The inability to write a coherent text message may become an important tool in diagnosing a type of crippling stroke that does not affect the patient’s speaking ability, say medicos at Henry Ford Hospital.
The researchers cite a case where a 40-year-old man showed signs of “dystextia,” a recently coined term for incoherent text messaging that can sometimes be confused with autocorrect garble. Tellingly, however, the man saw nothing wrong with the garbled message.
The case notes indicate the patient had no problem with a routine bedside test of his language abilities – including fluency of speech, reading, writing, and comprehension. The doctors found no visible neurological problems except a slight weakness on the right side of his face. The dystextia came to light when he was handed a smartphone and asked to type, “the doctor needs a new blackberry.” Instead, he texted, “Tjhe Doctor nddds a new bb.” When asked if it was correct he did not recognize any typing errors.
The first warning signs appeared when he sent a message to his wife the night before he went to the hospital. She described it as “disjointed, non-fluent, and incomprehensible.”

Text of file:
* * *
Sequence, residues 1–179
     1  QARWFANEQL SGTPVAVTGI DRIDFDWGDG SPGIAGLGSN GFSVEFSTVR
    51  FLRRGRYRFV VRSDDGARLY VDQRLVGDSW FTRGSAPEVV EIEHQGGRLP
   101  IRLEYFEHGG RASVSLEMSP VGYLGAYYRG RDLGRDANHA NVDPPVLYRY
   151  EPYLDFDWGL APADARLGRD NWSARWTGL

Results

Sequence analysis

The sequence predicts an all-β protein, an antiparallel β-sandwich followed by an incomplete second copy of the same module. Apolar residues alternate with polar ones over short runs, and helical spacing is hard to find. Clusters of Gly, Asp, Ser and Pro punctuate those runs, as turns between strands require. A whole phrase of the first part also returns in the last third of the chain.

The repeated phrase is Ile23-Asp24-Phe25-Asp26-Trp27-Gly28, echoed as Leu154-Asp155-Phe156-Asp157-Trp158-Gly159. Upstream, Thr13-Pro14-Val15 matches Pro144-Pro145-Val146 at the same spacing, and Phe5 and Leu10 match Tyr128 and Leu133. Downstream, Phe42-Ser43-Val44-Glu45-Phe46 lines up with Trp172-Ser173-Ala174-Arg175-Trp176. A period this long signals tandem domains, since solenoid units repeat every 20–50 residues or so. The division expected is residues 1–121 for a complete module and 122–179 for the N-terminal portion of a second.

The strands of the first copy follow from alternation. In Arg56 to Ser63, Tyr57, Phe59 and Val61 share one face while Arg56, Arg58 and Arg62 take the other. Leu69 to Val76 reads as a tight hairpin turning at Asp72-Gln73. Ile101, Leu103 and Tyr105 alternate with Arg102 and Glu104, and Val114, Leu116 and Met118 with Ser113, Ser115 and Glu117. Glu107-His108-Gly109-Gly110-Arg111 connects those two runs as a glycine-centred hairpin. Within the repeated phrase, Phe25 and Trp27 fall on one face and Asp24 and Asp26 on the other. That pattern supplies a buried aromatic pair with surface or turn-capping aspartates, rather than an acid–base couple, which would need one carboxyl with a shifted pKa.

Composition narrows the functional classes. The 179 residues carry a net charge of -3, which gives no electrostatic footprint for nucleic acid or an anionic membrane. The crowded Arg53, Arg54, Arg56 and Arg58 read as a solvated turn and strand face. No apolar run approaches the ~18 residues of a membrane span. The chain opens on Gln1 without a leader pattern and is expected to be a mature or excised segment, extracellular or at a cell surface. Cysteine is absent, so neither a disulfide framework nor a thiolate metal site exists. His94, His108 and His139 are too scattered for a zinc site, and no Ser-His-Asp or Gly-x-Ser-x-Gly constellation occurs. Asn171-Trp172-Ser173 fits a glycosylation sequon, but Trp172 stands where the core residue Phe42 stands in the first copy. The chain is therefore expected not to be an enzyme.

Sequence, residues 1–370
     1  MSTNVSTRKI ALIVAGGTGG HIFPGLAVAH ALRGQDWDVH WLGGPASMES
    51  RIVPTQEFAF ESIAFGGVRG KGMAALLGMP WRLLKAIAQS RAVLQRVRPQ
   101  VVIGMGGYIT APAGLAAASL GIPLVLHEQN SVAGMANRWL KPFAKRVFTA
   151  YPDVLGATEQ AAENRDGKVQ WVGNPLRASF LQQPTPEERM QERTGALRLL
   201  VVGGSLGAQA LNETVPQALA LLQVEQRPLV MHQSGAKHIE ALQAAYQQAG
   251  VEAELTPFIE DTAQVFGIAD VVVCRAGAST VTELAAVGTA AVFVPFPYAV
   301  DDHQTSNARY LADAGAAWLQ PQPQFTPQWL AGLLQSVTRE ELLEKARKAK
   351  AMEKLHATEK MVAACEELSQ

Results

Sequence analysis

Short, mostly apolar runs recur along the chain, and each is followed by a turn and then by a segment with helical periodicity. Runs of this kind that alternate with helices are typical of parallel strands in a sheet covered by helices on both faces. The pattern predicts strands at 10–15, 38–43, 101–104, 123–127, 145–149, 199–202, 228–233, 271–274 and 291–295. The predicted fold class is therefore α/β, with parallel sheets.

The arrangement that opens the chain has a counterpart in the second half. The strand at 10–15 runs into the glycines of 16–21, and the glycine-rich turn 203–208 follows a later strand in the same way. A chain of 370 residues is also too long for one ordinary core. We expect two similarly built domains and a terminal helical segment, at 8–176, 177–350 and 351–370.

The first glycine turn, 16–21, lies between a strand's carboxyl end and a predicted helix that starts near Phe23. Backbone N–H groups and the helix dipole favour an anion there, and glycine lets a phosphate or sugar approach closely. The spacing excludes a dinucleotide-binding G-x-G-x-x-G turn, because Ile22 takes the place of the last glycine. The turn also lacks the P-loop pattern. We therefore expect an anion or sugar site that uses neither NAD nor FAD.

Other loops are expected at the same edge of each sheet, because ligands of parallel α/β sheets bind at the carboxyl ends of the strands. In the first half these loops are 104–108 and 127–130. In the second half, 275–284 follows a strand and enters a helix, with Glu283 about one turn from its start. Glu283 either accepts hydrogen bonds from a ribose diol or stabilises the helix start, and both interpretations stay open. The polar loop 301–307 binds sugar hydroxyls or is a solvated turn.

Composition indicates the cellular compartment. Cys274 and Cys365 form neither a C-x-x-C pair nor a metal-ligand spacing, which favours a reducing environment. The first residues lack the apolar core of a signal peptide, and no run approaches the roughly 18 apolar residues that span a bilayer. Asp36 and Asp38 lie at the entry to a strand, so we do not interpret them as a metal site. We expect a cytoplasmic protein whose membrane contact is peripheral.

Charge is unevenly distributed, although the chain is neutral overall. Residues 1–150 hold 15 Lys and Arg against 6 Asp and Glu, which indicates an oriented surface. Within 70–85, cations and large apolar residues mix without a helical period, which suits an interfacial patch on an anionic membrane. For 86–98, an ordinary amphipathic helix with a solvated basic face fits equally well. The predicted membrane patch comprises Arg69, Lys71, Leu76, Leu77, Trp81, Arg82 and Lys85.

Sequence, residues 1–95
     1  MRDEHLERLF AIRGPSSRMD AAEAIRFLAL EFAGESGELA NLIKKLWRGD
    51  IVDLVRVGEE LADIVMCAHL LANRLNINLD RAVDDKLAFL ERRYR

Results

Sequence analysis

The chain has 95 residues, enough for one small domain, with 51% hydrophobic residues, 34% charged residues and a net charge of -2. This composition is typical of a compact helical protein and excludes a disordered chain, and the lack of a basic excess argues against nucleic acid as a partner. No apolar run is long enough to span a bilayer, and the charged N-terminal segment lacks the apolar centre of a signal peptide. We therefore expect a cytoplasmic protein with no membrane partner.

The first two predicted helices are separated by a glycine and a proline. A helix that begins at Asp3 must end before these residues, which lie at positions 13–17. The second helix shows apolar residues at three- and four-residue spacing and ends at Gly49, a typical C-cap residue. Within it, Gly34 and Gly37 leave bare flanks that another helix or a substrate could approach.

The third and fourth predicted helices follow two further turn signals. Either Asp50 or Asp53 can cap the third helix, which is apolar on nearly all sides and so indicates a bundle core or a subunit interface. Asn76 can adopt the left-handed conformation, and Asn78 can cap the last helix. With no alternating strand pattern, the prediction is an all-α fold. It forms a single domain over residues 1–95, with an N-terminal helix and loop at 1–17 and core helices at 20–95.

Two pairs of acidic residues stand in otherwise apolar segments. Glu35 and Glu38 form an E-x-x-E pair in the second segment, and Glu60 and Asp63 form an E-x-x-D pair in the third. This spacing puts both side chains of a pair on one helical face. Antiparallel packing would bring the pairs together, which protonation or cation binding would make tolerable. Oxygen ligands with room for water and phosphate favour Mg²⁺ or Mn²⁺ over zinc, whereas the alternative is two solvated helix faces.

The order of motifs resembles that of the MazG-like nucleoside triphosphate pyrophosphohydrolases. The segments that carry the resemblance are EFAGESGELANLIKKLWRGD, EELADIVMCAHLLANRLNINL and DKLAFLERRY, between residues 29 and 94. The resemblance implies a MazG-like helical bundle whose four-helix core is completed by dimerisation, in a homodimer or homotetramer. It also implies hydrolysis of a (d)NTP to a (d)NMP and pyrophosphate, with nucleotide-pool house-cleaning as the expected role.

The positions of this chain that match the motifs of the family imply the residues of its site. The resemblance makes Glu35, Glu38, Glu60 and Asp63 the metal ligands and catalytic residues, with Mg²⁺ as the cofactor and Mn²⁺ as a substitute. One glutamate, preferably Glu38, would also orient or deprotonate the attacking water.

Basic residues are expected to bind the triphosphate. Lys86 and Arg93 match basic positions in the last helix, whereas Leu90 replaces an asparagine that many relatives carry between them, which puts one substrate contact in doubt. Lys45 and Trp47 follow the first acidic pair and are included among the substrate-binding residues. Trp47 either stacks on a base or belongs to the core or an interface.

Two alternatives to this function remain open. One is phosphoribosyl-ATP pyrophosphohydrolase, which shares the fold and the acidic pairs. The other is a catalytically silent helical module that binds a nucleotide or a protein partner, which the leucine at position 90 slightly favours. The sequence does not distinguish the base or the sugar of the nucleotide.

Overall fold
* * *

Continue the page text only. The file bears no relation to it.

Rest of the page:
The doctors determined the man had suffered an acute ischemic stroke, in which a clot or other blockage cuts off blood supply to part of the brain. Such strokes usually result in some form of physical impairment and can be fatal.
Omran Kaskar, a neurologist at Henry Ford Hospital and lead author of the research, said it illustrates how dystextia can be the only symptom of stroke-related aphasia – a partial or sometimes total inability to form or understand language. Kaskar is presenting details of the case next week at the annual scientific meeting of the American Academy of Neurology in San Diego.
“Text messaging is a common form of communication with more than 75 billion texts sent each month,” Kaskar said. “Besides the time-honored tests we use to determine aphasia in diagnosing stroke, checking for dystextia may well become a vital tool in making such a determination.”
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